Understanding the relevancy and benefits of finishing and polishing restorations and knowing the process required to achieve a desired result are essential for providing comprehensive care to patients. Dental hygienists are responsible for learning as much as possible about various types of materials used for polishing so that the most appropriate method and armamentarium are selected when preparing to polish an amalgam or esthetic restoration.
Joyce A. Dais, RDH, BA, MPH, is an assistant professor/senior clinic coordinator at Eugenio Maria de Hostos Community College, Bronx, NY. Her experience includes community outreach, public health education and administration, research, and teaching. She is currently pursuing a second Master’s degree in Higher Education Administration.
1. Barnes CM, Covey DA, Walker MP, Johnson WW. Essential selective polishing: the maintenance of aesthetic restorations. The Journal of Practical Hygiene. 2003;12(5):18-24.
2. Hatrick CD, Eakle SW, Bird WF. Abrasion, finishing and polishing. In: Dental Materials: Clinical Applications for Dental Assistants and Dental Hygienists. St Louis: Saunders; 2003:155-165.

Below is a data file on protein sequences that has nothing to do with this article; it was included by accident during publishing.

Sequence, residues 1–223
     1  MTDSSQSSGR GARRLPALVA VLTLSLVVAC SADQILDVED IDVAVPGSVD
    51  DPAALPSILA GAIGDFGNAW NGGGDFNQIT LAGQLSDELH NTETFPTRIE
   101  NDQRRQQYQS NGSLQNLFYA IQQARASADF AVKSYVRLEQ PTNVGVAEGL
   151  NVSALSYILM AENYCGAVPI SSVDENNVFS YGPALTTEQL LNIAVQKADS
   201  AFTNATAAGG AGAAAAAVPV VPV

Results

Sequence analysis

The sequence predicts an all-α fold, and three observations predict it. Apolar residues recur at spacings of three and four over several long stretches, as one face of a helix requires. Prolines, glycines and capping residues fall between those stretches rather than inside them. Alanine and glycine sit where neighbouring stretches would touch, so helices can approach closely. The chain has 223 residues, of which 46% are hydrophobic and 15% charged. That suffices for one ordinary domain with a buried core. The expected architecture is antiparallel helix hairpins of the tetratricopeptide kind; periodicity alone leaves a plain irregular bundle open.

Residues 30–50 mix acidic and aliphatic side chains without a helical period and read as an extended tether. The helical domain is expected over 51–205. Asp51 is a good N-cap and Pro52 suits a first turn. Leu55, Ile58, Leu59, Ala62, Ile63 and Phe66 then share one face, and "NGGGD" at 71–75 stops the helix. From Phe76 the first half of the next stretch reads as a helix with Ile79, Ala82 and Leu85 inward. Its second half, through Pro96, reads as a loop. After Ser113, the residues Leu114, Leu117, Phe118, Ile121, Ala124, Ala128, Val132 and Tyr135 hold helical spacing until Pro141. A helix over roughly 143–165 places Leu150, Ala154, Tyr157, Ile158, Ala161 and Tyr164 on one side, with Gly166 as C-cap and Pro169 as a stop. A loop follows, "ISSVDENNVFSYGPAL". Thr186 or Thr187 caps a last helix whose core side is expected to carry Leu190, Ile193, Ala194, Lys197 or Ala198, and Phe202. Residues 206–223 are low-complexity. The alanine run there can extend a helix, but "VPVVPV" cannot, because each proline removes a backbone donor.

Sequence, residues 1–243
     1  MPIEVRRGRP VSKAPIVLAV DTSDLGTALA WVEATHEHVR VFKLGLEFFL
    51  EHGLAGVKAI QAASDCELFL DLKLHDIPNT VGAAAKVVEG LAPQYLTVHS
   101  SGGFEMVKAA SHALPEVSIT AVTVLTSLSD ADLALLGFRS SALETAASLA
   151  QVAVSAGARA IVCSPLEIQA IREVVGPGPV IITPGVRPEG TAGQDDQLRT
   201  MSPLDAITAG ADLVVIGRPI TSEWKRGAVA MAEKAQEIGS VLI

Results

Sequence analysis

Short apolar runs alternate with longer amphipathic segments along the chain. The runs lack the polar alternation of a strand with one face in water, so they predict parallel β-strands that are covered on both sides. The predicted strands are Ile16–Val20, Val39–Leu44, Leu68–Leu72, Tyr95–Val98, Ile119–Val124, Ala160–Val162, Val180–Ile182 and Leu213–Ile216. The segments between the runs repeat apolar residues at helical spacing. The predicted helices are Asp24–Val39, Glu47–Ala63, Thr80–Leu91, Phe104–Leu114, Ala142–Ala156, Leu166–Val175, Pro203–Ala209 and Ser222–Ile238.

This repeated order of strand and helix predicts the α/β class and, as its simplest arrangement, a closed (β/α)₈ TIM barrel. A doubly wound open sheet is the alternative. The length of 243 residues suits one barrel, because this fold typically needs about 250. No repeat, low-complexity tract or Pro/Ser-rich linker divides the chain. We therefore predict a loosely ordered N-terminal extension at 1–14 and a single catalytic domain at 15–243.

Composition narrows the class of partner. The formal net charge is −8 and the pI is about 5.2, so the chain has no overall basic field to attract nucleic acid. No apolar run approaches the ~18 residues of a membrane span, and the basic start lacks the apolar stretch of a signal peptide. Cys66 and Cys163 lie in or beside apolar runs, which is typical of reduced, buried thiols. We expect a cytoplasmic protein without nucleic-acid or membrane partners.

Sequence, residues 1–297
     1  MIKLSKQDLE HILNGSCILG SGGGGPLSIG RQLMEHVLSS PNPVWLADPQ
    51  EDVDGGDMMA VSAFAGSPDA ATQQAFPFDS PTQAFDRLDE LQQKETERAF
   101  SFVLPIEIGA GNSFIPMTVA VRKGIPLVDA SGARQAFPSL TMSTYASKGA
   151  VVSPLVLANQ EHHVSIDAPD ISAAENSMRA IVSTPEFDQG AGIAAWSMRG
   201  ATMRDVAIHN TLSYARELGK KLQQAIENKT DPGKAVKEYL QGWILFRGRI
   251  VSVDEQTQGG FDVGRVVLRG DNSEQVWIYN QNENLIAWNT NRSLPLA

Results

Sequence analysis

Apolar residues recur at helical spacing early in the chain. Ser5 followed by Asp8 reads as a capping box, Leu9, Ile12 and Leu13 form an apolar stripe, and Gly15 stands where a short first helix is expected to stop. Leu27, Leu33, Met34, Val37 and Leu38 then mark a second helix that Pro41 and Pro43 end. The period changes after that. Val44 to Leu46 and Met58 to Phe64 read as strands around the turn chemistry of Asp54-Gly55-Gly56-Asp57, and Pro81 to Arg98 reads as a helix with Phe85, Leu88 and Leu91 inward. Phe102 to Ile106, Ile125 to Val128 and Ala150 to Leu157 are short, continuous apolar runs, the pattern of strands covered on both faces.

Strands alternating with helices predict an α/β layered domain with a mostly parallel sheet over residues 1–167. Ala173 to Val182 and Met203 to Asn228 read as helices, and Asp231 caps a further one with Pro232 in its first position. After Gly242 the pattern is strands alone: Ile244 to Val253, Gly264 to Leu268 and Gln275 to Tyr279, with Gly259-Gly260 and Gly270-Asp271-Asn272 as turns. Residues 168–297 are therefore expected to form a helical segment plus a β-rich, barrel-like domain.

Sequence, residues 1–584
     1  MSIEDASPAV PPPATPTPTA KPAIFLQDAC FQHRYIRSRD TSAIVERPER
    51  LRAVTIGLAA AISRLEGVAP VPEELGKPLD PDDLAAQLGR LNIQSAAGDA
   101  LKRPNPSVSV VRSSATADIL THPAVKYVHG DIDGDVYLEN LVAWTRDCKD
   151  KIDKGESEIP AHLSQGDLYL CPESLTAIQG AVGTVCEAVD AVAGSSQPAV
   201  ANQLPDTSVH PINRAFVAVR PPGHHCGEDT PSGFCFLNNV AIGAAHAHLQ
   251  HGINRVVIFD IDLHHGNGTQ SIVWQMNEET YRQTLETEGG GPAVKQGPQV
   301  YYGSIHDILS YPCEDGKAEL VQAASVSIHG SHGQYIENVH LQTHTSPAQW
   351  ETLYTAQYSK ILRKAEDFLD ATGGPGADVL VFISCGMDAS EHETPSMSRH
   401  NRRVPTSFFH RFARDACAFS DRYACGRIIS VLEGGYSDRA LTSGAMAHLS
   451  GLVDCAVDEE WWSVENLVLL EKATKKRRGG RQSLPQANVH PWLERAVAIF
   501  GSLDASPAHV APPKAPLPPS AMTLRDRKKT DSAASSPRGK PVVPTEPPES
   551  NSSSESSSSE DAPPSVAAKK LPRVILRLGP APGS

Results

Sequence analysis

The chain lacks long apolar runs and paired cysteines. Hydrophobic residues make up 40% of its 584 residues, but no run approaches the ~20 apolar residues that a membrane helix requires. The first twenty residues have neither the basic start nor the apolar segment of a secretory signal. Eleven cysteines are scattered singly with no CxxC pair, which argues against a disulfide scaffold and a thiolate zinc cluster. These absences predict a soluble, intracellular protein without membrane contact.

3. Gladwin M, Bagby M. Amalgam finishing and polishing. In: Clinical Aspects of Dental Materials Theory, Practice, and Cases. Baltimore, Md: Williams & Wilkins, 2004:300.
4. Gladwin M, Bagby M. Clinical detection and management of dental restorative materials during scaling and polishing. In: Clinical Aspects of Dental Materials Theory, Practice, and Cases. Baltimore, Md: Williams & Wilkins; 2004:185-190.
5. Gladwin M, Bagby M. Polishing materials and abrasion. In: Clinical Aspects of Dental Materials Theory, Practice, and Cases. Baltimore, Md: Williams & Wilkins; 2004:203-212.
6. Craig RG, Powers JM, Wataha JC. Finishing, polishing and cleansing materials. In: Dental Materials: Properties and Manipulation. St Louis: Mosby; 2004:110-128.
7. Gibson-Howell, JC. Care of dental restorations. In: Wilkins EM, ed. Clinical Practice of the Dental Hygienist. Baltimore, Md: Williams & Wilkins; 2005:742-756.
8. Craig RG, Powers JM, Wataha JC. Dental amalgam. In: Dental Materials: Properties and Manipulation. St Louis: Mosby; 2004:103-105.
9. Gibson-Howell JC. Care of dental restorations. In: Wilkins EM, ed. Clinical Practice of the Dental Hygienist. Baltimore, Md: Williams & Wilkins; 2005:742-756.
10. Barnes CM. Care and maintenance of aesthetic restorations. The Journal of Practical Hygiene. 2004;13(4):19-22.
From Dimensions of Dental Hygiene. June 2006;4(6): 22, 24.